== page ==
Politics in Arkansas is intensely personal and success does not depend on political machines. As governor, Bill Clinton was famous for getting on with everybody. This may explain why he chose Jim McDougal, a personable ex-alcoholic who liked mixing with politicians, as his business partner. Possibly Mr Clinton took campaign contributions from Madison, but his slowness in closing it down can also be explained by the priority any state politician gives to saving a local institution. Nobody in Arkansas cared if this cost the federal government more money.

The peculiarities of Arkansas helped make Mr Clinton president. When he was growing up it was still a state where somebody who was poor but able could get ahead fast in business or politics. It never had a power elite of plantation owners or industrial robber barons. The tone was democratic. Sam Walton, whose giant discount stores made him the richest man in America, still drove around in an elderly pick-up truck with cages for his bird dogs in the back. Bill Clinton jogged to get his cup of coffee and liver biscuit every morning. Traditions were weaker and standards looser than in other states - and for this Mr Clinton is now paying.

(Photograph omitted)

PROMOTED VIDEO
Have you tried new the Independent Digital Edition apps?
News
ebooksNow available in paperback
Latest stories from i100
Have you tried new the Independent Digital Edition apps?
Independent Dating
and  

By clicking 'Search' you
are agreeing to our
Terms of Use.

iJobs Job Widget
iJobs General

Recruitment Genius: Project Manager

£35000 - £40000 per annum: Recruitment Genius: An exciting and rewarding role ...

Recruitment Genius: E-commerce Executive - UK / International

Negotiable: Recruitment Genius: You will be joining a long-established, renown...

Recruitment Genius: Business Development Manager - Signs and Graphics

£25000 - £30000 per annum: Recruitment Genius: The key requirements of the rol...

Recruitment Genius: Company Commercial / Company Property Solicitor

£30000 - £45000 per annum: Recruitment Genius: This south Warwickshire based s...

Day In a Page

In a world of Saudi bullying, right-wing Israeli ministers and the twilight of Obama, Iran is looking like a possible policeman of the Gulf

Iran is shifting from pariah to possible future policeman of the Gulf

Robert Fisk on our crisis with Iran
The young are the new poor: A third of young people pushed into poverty

The young are the new poor

Sharp increase in the number of under-25s living in poverty
Greens on the march: ‘We could be on the edge of something very big’

Greens on the march

‘We could be on the edge of something very big’
Revealed: the case against Bill Cosby - through the stories of his accusers

Revealed: the case against Bill Cosby

Through the stories of his accusers
Why are words like 'mongol' and 'mongoloid' still bandied about as insults?

The Meaning of Mongol

Why are the words 'mongol' and 'mongoloid' still bandied about as insults?
Mau Mau uprising: Kenyans still waiting for justice join class action over Britain's role in the emergency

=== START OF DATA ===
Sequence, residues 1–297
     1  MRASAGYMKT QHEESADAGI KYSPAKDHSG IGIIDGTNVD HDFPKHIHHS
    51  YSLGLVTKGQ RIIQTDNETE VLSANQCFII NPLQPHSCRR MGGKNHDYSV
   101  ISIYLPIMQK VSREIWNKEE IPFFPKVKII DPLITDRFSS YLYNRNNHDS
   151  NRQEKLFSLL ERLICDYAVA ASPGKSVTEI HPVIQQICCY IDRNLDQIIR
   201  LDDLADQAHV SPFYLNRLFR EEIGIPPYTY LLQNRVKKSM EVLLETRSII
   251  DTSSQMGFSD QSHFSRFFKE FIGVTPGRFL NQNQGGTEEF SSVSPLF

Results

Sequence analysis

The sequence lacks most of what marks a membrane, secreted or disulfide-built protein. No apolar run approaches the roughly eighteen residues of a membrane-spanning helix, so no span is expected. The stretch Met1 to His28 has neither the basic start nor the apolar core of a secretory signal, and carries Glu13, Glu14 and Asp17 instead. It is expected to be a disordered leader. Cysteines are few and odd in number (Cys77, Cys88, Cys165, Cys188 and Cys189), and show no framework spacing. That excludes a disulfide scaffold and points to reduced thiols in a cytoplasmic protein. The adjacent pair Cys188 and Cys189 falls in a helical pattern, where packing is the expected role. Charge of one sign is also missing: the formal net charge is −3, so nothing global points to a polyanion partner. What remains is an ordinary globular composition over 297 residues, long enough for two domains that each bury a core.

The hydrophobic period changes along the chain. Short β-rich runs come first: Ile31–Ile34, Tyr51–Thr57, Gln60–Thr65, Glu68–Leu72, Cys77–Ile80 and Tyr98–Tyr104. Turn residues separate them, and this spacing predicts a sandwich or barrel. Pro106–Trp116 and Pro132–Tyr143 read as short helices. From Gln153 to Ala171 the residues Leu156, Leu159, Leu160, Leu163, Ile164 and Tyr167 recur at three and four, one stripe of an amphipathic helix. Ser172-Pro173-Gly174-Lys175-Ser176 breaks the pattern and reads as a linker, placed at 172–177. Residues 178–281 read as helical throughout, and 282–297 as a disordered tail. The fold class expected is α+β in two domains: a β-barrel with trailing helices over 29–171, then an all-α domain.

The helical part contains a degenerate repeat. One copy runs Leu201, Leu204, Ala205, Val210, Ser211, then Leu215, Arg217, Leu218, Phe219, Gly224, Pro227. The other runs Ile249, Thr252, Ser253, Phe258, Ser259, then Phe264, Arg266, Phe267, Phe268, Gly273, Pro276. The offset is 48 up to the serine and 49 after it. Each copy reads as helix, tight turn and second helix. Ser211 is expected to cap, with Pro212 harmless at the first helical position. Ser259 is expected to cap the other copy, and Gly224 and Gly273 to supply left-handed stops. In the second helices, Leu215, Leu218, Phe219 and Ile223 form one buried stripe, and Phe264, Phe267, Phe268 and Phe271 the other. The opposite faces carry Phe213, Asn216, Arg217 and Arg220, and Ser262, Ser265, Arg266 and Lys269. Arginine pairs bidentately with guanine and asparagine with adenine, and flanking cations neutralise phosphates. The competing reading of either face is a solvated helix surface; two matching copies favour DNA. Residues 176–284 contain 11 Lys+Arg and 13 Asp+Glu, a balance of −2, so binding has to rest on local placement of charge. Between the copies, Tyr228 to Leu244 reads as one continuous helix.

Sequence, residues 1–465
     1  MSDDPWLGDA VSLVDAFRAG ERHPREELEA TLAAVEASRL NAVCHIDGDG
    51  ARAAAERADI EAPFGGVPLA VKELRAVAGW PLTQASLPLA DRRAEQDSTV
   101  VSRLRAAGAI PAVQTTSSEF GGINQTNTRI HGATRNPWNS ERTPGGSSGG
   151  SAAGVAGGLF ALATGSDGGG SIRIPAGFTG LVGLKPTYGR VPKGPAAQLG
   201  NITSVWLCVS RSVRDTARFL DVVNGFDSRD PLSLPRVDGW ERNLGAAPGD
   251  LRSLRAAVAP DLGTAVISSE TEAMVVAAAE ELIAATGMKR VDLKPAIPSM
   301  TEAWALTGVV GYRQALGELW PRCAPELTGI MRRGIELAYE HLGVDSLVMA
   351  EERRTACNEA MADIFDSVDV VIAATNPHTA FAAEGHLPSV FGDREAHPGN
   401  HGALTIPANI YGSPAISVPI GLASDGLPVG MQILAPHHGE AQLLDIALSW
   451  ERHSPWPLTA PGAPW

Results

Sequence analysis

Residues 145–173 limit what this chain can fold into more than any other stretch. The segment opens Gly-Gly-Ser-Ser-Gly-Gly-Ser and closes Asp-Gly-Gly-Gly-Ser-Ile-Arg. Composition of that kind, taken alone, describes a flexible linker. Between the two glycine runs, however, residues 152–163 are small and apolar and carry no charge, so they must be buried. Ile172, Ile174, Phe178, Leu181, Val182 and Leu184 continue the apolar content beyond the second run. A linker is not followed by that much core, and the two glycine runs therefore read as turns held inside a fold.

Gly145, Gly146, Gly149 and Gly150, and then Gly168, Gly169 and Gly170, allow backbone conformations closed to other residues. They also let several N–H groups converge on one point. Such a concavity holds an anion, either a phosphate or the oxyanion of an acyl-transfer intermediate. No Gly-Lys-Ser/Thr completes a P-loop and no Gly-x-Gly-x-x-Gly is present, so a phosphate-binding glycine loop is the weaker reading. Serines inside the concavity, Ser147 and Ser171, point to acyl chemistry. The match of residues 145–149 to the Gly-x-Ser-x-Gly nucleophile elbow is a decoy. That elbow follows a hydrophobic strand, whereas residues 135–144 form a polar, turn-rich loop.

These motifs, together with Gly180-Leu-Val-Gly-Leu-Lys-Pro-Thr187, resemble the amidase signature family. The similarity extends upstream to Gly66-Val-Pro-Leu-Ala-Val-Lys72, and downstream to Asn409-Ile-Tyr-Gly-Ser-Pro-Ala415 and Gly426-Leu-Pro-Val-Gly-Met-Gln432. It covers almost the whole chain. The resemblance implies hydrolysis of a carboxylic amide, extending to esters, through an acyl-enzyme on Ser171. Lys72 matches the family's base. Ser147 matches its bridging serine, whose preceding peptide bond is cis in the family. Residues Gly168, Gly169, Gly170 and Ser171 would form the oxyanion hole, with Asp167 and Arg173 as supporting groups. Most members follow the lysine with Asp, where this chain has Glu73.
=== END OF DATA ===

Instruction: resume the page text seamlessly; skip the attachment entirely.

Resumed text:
Kenyans still waiting for justice over Mau Mau uprising

Thousands join class action over Britain's role in the emergency
Isis in Iraq: The trauma of the last six months has overwhelmed the remaining Christians in the country

The last Christians in Iraq

After 2,000 years, a community will try anything – including pretending to convert to Islam – to avoid losing everything, says Patrick Cockburn
Black Friday: Helpful discounts for Christmas shoppers, or cynical marketing by desperate retailers?

Helpful discounts for Christmas shoppers, or cynical marketing by desperate retailers?

Britain braced for Black Friday
Bill Cosby's persona goes from America's dad to date-rape drugs

From America's dad to date-rape drugs

Stories of Bill Cosby's alleged sexual assaults may have circulated widely in Hollywood, but they came as a shock to fans, says Rupert Cornwell
Clare Balding: 'Women's sport is kicking off at last'

Clare Balding: 'Women's sport is kicking off at last'

As fans flock to see England women's Wembley debut against Germany, the TV presenter on an exciting 'sea change'
Oh come, all ye multi-faithful: The Christmas jumper is in fashion, but should you wear your religion on your sleeve?

Oh come, all ye multi-faithful

The Christmas jumper is in fashion, but should you wear your religion on your sleeve?
Dr Charles Heatley: The GP off to do battle in the war against Ebola

The GP off to do battle in the war against Ebola

Dr Charles Heatley on joining the NHS volunteers' team bound for Sierra Leone
Flogging vlogging: First video bloggers conquered YouTube. Now they want us to buy their books

Flogging vlogging

First video bloggers conquered YouTube. Now they want us to buy their books
Saturday Night Live vs The Daily Show: US channels wage comedy star wars

Saturday Night Live vs The Daily Show

US channels wage comedy star wars
When is a wine made in Piedmont not a Piemonte wine? When EU rules make Italian vineyards invisible

When is a wine made in Piedmont not a Piemonte wine?

When EU rules make Italian vineyards invisible